U.S. Students Bounce Back in Reading
How well the nation's students are reading depends on who's talking. Not open to interpretation, however, is that schoolchildren are still falling short of the goals set by U.S. leaders, a national assessment released last week shows.
At a news conference here, Vice President Al Gore hailed the outcome of the nation's report card on reading as "great progress" and "a sign of larger gains to come."
But after Mr. Gore left the gathering where the eagerly anticipated report was distributed, Department of Education officials offered a mixed message from the 1998 National Assessment of Educational Progress.
"The 1998 results show some improvement in reading achievement nationally, particularly at grade 8 and since 1994," said Pascal D. Forgione Jr., the commissioner of education statistics for the Education Department.
"However, the increases between 1994 and 1998 for students in grades 4 and 12 showed no net gain over the 1992 average scores."
In other words, the average scores of 4th graders and high school seniors dipped from 1992 to 1994, only to recover last year, according to the newest NAEP results. Eighth grade scores remained constant from 1992 to 1994, but have risen since.
On the test that was administered last year, 4th graders averaged 217 points on a 500-point scale, up 3 points from 1994. High school seniors scored an average of 291 points--a 4-point increase--and 8th graders' average also rose 4 points, to 264. The tests were given to a random sampling of 31,000 students in 1,400 public and private schools. The federally sponsored NAEP periodically tests students in core subjects.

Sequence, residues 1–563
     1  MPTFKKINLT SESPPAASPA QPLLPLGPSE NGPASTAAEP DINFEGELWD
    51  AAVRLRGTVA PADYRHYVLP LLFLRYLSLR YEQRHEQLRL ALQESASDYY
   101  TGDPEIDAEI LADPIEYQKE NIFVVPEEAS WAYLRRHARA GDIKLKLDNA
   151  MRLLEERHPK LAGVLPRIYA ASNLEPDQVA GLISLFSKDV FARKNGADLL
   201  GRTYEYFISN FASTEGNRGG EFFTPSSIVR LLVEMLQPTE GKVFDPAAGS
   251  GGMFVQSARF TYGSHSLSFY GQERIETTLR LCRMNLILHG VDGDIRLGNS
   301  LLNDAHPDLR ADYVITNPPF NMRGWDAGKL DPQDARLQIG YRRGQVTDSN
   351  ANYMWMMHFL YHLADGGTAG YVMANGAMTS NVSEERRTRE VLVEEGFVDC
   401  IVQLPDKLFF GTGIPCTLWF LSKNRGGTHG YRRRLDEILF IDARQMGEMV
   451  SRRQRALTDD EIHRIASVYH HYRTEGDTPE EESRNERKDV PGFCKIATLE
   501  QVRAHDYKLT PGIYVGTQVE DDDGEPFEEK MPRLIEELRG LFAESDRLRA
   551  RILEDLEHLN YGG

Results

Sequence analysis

|The following are percentages of students at or above the reading-achievement levels for the nation.|
* Indicates that the percentage in
1998 is significantly different from that in 1992.
+ Indicates that the percentage in 1998 is significantly different from that in 1994.
SOURCE: National Center for Education Statistics.
The results mirror the historical seesaw of NAEP reading scores.
"Since 1971, scores have just moved up or down slightly," said Timothy Shanahan, a professor of urban education at the University of Illinois at Urbana-Champaign. "We continue to languish. This is not a big failure, but it's not the exciting success story we'd like to be telling."
U.S. students, in fact, have far to go before they all read at the level that the National Assessment Governing Board, which oversees the exam, considers "proficient." Only 31 percent of 4th graders, 33 percent of 8th graders, and 40 percent of seniors reached that level last year, the report says. Eighth and 12th graders showed statistically significant increases from 1994. Only 8th grade scores have shown a statistically significant increase since 1992.
Too Soon for Answers
The snapshot, though, doesn't inform the debate over what kind of instruction--phonics, whole language, or a balance of the two--works best in classrooms, particularly in the early grades.